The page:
Surface agitation is often overlooked, especially by beginners. It may not be the most exciting part of owning an aquarium but it sure is important! In this article, we’ll explain what it is, why it’s important, and the various ways in which you can create surface agitation in your aquarium.
What Is Surface Agitation
Imagine a puddle of water that is calm, still and smooth. Now, throw a stone in the puddle. The stone will create ripples on the puddle’s surface! Congrats, that’s surface agitation! “Agitating” the water’s surface. It can’t get any more simple than that.
It’s an often forgotten aspect of aquariums, but it is very important for most tanks.
Why Is Surface Agitation Important
Your fish can drown due to the lack of oxygen in the water! Surface agitation helps oxygenate your aquarium’s water.
The oxygen that your fish breath works its way down into your tank from the surface. The bigger the surface area, the more oxygen can penetrate the water. And of course, the water surface area is determined by the size of your aquarium.
When there’s surface agitation, the layer of water that is in contact with the air is constantly changing. The agitation increases the surface area of your tank.
Agitating the water surface help promotes gas exchanges. It increases the rate at which oxygen dissolves in the water as well as the rate at which carbon dioxide is released from the water.
So naturally, the amount of oxygen in your aquarium plays a major role in determining how many fish you can keep in a single tank.
A pretty convincing reason, right?
The “Perfect” Amount Of Surface Agitation and Aeration
So, is there a thing such as the “perfect” amount of surface agitation? Well, let’s put it this way: Surface agitation can either be insufficient or excessive. And of course, the amount depends on the type of fish and plants.
It can be difficult to tell whether you’re giving enough oxygen to your fish because they might not show any symptoms at first. The most obvious sign that there is insufficient oxygen is if you see your fish regularly gasping at the surface. They may also hang out around the filter output which tends to have high oxygen concentration near the surface. Your bottom-dwelling fish will similarly swim to the upper part of the aquarium.
Yes, there is a thing such as having too much oxygen. If you see your fish being whisked around the aquarium or struggling, you need to reduce the amount of circulation. Some species prefer calm or still waters whereas others require a consistent amount of current.
It’s always a must to do proper research on the fish and plants that you’ll want in your tank beforehand. You’ll want to recreate their natural habitat – including their surface agitation preferences.
How To Create Surface Agitation and Aeration
Chances are that you already have a filter set up on your tank. Whether you have a HOB (hang on back) filter, a canister filter, or a sponge filter, each will contribute to the water’s surface agitation.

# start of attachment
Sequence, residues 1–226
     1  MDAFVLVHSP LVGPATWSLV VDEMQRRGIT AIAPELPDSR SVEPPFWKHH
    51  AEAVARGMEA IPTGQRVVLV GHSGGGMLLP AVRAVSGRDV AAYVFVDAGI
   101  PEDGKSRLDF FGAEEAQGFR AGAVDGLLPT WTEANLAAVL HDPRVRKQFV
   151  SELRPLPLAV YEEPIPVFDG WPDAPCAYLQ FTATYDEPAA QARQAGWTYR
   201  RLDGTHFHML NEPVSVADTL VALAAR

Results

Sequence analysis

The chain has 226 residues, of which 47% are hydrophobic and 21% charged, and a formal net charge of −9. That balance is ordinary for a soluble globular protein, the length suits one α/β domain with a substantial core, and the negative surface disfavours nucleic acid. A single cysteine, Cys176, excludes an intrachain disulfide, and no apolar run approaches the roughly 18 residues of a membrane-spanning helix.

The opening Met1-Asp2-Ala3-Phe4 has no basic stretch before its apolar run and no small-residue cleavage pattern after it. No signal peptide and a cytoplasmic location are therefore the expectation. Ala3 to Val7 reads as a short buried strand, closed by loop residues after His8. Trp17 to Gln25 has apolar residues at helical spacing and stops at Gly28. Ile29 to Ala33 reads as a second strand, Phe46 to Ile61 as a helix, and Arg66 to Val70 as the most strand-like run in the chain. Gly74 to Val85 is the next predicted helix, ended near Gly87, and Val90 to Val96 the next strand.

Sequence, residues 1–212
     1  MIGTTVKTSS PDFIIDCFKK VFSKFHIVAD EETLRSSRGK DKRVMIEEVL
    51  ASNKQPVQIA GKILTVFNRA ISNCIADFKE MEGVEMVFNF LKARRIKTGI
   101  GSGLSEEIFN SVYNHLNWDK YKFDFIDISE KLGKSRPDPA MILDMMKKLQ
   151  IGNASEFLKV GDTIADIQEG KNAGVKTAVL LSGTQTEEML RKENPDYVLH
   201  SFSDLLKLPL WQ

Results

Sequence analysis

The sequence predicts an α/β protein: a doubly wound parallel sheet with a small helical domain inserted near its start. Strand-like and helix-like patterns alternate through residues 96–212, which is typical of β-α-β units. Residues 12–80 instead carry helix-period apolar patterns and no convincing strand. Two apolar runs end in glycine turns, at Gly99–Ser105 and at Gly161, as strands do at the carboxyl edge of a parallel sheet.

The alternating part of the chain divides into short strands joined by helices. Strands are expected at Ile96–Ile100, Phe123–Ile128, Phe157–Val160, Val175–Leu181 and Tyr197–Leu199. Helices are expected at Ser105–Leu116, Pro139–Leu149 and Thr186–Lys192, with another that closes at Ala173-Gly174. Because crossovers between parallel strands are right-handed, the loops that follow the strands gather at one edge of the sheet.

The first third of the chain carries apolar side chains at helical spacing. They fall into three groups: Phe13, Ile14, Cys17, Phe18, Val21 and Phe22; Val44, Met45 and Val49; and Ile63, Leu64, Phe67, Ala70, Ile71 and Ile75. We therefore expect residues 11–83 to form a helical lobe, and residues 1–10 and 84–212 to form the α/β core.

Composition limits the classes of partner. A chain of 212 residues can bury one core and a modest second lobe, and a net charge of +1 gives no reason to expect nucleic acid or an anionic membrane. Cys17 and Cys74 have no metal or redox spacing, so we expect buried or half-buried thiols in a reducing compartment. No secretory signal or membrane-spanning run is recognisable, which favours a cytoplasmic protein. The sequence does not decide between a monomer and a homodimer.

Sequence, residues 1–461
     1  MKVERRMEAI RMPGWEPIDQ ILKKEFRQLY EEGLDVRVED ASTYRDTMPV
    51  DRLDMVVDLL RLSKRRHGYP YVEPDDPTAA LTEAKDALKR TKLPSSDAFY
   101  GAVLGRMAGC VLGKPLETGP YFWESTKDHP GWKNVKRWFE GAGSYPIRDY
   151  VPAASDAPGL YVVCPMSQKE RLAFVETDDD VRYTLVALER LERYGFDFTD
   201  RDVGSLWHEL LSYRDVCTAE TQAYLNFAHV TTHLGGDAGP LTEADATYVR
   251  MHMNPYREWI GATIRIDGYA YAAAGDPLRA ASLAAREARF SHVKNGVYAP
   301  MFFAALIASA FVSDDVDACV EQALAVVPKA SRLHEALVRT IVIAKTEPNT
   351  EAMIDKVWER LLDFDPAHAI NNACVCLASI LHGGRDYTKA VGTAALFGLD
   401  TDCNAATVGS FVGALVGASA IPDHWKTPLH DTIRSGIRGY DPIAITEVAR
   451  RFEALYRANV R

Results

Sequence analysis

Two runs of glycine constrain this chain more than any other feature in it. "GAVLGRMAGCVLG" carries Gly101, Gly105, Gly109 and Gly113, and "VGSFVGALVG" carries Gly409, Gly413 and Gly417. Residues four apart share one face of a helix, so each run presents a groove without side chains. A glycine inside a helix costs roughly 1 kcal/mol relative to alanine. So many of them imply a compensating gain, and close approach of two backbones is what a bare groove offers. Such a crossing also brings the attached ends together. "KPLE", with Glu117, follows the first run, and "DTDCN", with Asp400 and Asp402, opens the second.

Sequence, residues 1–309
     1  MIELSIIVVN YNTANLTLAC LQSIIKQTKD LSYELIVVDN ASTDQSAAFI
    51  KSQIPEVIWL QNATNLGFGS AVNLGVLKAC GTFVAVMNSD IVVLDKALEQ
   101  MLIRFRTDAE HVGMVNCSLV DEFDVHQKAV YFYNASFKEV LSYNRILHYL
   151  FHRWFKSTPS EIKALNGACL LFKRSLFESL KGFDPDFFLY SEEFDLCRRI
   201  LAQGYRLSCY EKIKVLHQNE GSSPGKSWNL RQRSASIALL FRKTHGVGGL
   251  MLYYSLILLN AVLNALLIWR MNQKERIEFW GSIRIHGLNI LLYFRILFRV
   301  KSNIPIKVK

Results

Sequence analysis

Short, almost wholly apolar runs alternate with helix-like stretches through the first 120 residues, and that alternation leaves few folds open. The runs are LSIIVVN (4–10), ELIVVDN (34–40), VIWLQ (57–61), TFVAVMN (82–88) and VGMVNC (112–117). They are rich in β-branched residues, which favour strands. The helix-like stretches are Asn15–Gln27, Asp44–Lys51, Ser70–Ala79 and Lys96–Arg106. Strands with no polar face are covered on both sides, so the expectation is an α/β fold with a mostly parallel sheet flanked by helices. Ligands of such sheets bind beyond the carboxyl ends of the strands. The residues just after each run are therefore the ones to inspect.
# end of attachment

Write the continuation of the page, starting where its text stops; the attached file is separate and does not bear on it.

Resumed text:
A HOB filter’s output drops water into the surface of the tank and, therefore, creates surface agitation. For canister filters, you need to point the return up towards the surface of the water to agitate it. Lastly, sponge filters can either use an air stone or an airline to operate. The bubbles will rise to the surface and agitate the surface of the water.
Additionally, filters help circulate water from the bottom of the tank to the top – increasing its water concentration. However, the placement of your filters matters in order to prevent “dead spots” (low water circulation areas) in your tank.
If your filter isn’t enough, a power head might be the answer. A power head siphons the water up out of the tank and mixes it with air as it’s expelled. Essentially, it boosts water movement. This way, your tank’s surface agitation and aeration will increase. Power heads can also be useful to eliminate those “dead spots”. It’s also an excellent choice for larger tanks.
Wavemakers are simply aquatic fans – circulating the water and creating surface agitation. The position of the wavemakers determines the current of the water. By aiming the fan upwards, the wavemaker is more capable of agitating the surface water. Wavemakers also have other benefits for your aquarium.
Aquarium bubblers are commonly used by beginners and small tank owners. They are a more affordable option to create surface agitation in your aquarium. Bubblers produce hundreds of… well, bubbles! As the bubbles rise, they agitate the surface of the water.
Spray bars… a piece of pipe with holes in it! It can sit on your filter outlet and distributes water evenly and gently. And of course, spray bars create surface agitation. Even though spray bars are more gentle, they can still help oxygenate the water. Spray bars are the perfect option if you’re the proud owner of Bettas or Gouramis.
Lily pipes owe their name to the Calla Lily because the end piece is modelled after the flower of this plant. It’s a beautifully constructed glass pipe that sits on the outflow of your aquarium filter. It distributes water across the surface of your aquarium, agitating it.
Lily pipes blend in with your aquarium, which makes it a perfect option if you’re obsessed with your tank’s aesthetics. It recreates a natural-looking environment. Not only do lily pipes help with surface agitation, but they can also be used to control the pressure of the outflow on your filter.
This may not be every fishkeeper’s favorite topic, but it’s a topic worth covering. Surface agitation and aeration is crucial for your aquarium to thrive. At least now you understand its importance and the various ways in which you can implement it in your tank.
Always be sure to do thorough research based on your fish, plants, and the tank you choose.
Want to read another overlooked but equally important topic in the fishkeeping hobby? Start off with the Nitrogen Cycle.